Since my previous posts on mobile devices, they’ve continued to gain traction. Just last week, Forbes Magazine reported that a recent Pew study found that 85 percent of all American adults own a cell phone. Moreover, consumers are using phones for a variety of new purposes. A Pew Reportreleased October 19, 2010, found the following:
- 7% of cell owners have used their phone to look up health or medical information and 29% of cell owners ages 18-29 have done such searches.
- 9% of cell owners have software applications or “apps” on their phones that help them track or manage their health. Some 15% of those ages 18-29 have such apps.
Just as consumers are beginning to use phones to organize and locate health or medical information, it is only a matter of time before they eventually turn to their phones for legal information as well. The question is, will your firm be ready?
I previously posted some tips about how lawyers could prepare themselves for a mobile-era, including optimizing websites for viewing on cell phones, adopting video which can be viewed fairly easily on a phone and even developing law firm apps. Well now, there are more options than ever to develop an app for your firm, ranging from do-it-yourself to hiring a developer.
These new advancements mean that apps aren’t just for big firms. In fact,Mashable lays out more than a dozen different options for app development targeted specifically at small firms.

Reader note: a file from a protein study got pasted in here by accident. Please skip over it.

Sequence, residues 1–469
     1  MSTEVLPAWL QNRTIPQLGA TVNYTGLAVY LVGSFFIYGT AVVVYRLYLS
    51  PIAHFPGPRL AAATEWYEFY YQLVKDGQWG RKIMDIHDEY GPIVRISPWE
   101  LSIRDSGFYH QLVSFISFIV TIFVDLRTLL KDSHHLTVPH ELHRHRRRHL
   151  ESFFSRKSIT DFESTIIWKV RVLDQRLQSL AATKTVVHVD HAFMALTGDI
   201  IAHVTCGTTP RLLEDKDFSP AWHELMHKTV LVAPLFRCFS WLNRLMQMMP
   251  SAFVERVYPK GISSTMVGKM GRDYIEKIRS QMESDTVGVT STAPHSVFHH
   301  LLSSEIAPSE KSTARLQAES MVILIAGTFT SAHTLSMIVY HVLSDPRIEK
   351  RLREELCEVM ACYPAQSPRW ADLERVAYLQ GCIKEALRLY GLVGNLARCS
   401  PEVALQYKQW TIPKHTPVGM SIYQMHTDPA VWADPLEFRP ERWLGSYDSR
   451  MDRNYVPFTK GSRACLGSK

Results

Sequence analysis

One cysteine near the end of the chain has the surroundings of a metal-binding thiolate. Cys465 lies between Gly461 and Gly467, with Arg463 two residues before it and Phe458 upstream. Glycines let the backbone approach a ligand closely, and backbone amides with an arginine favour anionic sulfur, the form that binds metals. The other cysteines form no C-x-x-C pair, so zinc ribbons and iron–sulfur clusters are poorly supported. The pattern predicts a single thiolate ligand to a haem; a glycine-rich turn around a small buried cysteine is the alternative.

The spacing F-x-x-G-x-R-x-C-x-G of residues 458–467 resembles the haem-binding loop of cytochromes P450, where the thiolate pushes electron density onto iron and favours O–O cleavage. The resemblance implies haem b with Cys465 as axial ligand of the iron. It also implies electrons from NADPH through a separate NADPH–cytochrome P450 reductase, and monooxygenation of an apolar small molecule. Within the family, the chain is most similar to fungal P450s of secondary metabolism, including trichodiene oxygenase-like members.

For lawyers who lack the patience, or want to commission a more ambitious app, outsourcing is an option. Mashable recommends Odesk or elance as a source for finding app developers, as well as companies likeTheyMakeApps.com which is a mobile app development agency.
One option that none of these sites have mentioned is for lawyers to collaborate on an basic app which could be adapted to their specific markets and branded with their firm name. For example, five different bankruptcy firms (presumably non-competitors) could pool their resources to develop a bankruptcy “means test” app and then “brand” the app with their respective logos. This approach would enable firms to share the cost of development and save money.
So maybe it’s time to get busy and develop an app for your firm. Even though there isn’t necessarily “an app for that,” there are plenty of other options.